The latest designs bring true wide-angle capability and more to the digital format
By Zachary Singer
The Sigma 18-125mm ƒ/3.5-5.6 DC offers an impressive focal length range running from moderate wide-angle all the way out to a strong telephoto. Along with Sigma's own line of digital SLRs, the lens comes in mounts for Canon, Nikon, Minolta, Olympus 4/3 and Pentax small-format D-SLRs. The equivalent focal lengths vary according to the magnification factor of the camera on which it's mounted—with Sigma's 1.7x cameras, it's approximately 30-212mm.
The Tamron SP AF11-18mm ƒ/4.5-5.6 Di-II LD Aspherical (IF) (available in Spring 2005) fits Nikon, Canon and Konica Minolta D-SLRs. It features an angle of view equivalent to a 17mm or 18mm lens on the wider end, depending on the size of the camera's image sensor, and zooming out to an equivalent of 27mm to 29mm.
The Tokina AT-X 124 AF PRO DX zoom fits Nikon and Canon small-format D-SLRs, providing a 12-24mm focal length range equivalent to 19-38mm for Canons and 18-36mm for Nikons. The lens has a constant ƒ/4 maximum aperture at all focal lengths.
The Pentax smc P-DA 14mm ƒ/2.8 ED (IF) gives *ist D and *ist Ds shooters the fast, wide equivalent of a 21mm ƒ/2.8 lens. Like other lenses with internal focusing, its front elements don't rotate—a real boon for users of graduated neutral-density filters and other position-dependent accessories.
Anti-Reflection Technologies Another difference between film and digital is the relatively mirror-like surface of image sensors. In some cases, the sensors' smooth face can reflect light back through the rear lens elements, where the beams bounce around until re-exiting the rear glass and striking the imager as flare or a ghost image. The series of ƒ/2.8-speed, L-series zooms, such as its CanonEF 70-200mm ƒ/2.8L IS USM, have optimized lens element shapes and anti-reflection coatings to minimize or eliminate these ghosts. Unlike the special small-format digital lenses, this lens series is a part of the regular 35mm lineup and provides outstanding image quality on both film and digital cameras. The Tamron Di and Di-II-series lenses, such as its SP AF17-35mm ƒ/2.8-4 Di LD Aspherical (IF), feature improved multi-coating and interior light baffling to combat off-the-sensor reflections. The lenses offer improved resolution, contrast and freedom from flare with film SLRs as well. This also is true of Sigma's new Super Multi Layer Coatings now used on allSigma lenses.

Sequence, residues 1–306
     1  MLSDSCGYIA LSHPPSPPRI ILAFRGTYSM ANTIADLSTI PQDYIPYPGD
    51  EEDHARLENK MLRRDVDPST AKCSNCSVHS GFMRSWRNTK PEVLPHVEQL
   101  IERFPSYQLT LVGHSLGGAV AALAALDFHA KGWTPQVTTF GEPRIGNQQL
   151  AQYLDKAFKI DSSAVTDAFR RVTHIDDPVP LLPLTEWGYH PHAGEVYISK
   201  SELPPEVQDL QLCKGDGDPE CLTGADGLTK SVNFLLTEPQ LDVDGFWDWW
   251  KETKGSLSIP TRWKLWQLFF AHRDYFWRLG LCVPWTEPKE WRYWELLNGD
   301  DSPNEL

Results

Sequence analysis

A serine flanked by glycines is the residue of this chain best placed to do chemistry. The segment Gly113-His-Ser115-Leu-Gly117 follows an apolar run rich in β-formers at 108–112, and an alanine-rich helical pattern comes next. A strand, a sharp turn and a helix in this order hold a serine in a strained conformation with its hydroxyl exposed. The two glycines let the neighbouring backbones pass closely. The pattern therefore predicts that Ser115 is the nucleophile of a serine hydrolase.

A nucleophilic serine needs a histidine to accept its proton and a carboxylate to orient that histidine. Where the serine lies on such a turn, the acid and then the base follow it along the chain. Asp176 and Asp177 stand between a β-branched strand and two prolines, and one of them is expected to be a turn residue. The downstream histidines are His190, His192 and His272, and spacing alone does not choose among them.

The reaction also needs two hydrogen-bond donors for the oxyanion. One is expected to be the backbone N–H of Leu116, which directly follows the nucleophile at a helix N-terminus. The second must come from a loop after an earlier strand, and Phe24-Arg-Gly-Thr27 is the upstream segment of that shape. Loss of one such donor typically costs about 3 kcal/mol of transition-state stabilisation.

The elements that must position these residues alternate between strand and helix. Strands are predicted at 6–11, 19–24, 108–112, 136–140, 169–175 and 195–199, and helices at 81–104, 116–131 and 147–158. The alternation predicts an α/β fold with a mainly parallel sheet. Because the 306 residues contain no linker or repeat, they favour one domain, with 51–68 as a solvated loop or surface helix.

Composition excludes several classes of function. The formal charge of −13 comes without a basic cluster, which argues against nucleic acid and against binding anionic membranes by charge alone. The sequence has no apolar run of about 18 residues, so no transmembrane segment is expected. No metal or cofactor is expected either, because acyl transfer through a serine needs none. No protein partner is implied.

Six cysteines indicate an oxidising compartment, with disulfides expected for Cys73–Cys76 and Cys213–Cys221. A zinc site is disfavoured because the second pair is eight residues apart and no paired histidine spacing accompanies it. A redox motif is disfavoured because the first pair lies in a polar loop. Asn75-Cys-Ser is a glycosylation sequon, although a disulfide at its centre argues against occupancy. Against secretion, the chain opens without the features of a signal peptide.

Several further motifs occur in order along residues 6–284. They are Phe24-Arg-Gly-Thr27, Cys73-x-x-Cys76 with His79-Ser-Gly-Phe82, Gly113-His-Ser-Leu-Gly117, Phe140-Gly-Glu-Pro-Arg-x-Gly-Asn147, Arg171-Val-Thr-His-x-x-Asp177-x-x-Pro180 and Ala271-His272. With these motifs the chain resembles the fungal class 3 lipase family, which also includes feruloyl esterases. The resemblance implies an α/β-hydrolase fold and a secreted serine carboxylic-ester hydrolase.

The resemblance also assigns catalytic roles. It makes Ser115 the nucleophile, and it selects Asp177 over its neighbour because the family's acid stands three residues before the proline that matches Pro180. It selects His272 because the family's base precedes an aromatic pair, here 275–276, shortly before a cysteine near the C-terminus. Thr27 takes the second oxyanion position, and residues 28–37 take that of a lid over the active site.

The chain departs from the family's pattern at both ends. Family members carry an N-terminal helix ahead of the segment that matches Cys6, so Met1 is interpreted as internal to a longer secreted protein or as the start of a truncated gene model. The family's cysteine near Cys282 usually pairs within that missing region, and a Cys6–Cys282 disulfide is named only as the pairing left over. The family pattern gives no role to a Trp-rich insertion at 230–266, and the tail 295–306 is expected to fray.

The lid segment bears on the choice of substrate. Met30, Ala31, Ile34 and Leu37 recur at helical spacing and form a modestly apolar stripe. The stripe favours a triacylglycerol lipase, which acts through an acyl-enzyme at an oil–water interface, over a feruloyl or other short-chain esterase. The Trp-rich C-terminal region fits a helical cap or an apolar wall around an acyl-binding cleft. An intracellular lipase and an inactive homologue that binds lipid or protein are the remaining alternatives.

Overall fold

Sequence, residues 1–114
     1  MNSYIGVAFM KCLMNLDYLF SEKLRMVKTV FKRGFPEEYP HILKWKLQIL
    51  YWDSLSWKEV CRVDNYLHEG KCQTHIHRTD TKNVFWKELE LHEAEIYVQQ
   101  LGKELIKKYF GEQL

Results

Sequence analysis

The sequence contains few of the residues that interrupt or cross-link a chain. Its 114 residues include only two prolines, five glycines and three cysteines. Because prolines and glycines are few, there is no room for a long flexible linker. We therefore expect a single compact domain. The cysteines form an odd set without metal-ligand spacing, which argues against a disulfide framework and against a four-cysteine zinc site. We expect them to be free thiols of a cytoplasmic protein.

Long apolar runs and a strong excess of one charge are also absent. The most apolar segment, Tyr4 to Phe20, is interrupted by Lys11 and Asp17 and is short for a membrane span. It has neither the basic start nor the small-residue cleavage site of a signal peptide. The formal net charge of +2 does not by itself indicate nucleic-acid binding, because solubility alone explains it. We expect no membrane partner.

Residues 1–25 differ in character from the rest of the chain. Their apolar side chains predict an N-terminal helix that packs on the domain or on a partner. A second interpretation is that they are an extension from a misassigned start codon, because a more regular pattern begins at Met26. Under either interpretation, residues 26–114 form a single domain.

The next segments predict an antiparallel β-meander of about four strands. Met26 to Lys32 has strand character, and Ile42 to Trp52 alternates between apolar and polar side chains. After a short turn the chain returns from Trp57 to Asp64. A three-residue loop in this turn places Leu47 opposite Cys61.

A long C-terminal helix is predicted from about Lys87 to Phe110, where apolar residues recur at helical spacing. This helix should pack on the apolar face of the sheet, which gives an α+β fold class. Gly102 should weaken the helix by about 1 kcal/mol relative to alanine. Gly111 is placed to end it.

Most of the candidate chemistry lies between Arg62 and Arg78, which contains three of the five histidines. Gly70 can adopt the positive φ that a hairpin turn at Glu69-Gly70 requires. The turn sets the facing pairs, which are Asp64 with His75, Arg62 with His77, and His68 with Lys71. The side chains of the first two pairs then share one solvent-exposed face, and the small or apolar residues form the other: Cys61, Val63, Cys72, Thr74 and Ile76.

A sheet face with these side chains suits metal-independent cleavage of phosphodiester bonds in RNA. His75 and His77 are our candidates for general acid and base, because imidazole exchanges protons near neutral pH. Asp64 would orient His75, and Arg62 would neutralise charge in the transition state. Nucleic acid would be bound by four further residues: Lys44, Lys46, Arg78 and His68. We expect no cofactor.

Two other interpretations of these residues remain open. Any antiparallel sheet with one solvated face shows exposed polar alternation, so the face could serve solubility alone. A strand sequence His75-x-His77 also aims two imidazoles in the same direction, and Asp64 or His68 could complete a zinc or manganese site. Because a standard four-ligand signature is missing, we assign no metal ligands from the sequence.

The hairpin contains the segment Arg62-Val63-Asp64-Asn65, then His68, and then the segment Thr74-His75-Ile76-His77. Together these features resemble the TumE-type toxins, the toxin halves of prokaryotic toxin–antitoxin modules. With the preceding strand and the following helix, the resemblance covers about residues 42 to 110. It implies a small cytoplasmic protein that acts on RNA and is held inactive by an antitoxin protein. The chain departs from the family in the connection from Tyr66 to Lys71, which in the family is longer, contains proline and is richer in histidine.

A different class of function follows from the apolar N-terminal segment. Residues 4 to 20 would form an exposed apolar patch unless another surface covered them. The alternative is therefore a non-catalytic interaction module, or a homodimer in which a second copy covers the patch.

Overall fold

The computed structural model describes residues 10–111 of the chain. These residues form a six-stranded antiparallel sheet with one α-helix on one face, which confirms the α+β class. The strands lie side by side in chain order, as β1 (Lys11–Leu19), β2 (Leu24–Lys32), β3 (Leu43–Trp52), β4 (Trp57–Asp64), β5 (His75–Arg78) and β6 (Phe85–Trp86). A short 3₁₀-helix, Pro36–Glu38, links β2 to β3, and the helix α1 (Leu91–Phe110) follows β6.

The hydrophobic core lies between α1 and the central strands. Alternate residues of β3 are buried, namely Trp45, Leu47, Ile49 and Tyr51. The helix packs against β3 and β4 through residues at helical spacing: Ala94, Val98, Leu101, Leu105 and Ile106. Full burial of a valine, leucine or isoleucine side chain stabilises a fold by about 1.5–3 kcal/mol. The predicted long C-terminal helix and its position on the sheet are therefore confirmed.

Canon and Nikon also have taken care to subtly curve the protective front filters on their super-telephoto lenses. The filters' new meniscus shape disperses the reflections from the image sensor that would otherwise bounce off the rear of the filter and straight back onto the sensor's face. The curved filters now are standard on all Canon fast IS super-telephotos, like its EF 500mm ƒ/4L IS USM; Nikon has introduced a curved filter on its 300mm ƒ/2.8G ED-IF AF-S VR Nikkor.
Other Technologies Digital photography still is photography, so other new lens technologies, not strictly for digital, are critical. Chief among them are the lenses that shift a group of their optical elements to compensate for camera shake. These lenses enable handheld photography at shutter speeds two to three stops slower than you'd use with a conventional lens of the same focal length. Look for Image Stabilizer (IS) lenses from Canon, like its EF 28-135mm ƒ/3.5-5.6 IS USM; Vibration Reduction (VR) lenses from Nikon, such as its 24-120mm ƒ/3.5-5.6G ED-IF AF-S VR Zoom-Nikkor; and Optical Stabilizer (OS) lenses from Sigma, like its 80-400mm ƒ/4.5-5.6 EX OS APO.
Another new technology, Diffractive Optics (DO), relies on applied physics, using a vastly different means to bend light rays than the curving glass elements we're used to. A special element within a DO lens directs light waves through a finely etched concentric lattice to achieve focus. By varying the lattice's spacing, the DO element can provide the advantages of an aspherical lens element and help control chromatic aberrations, too. Lenses with Diffractive Optics technology, such as the Canon EF 70-300mm ƒ/4.5-5.6 DO IS USM, boast improved image quality and can be made about one-third smaller than conventional lenses.
Nikon's Phase Fresnel lenses are similar, providing the same image quality and size advantages as Diffractive Optics. The Nikon TC-E3PF 3x telephoto converter lens brings this technology to its Coolpix 8400 advanced compact.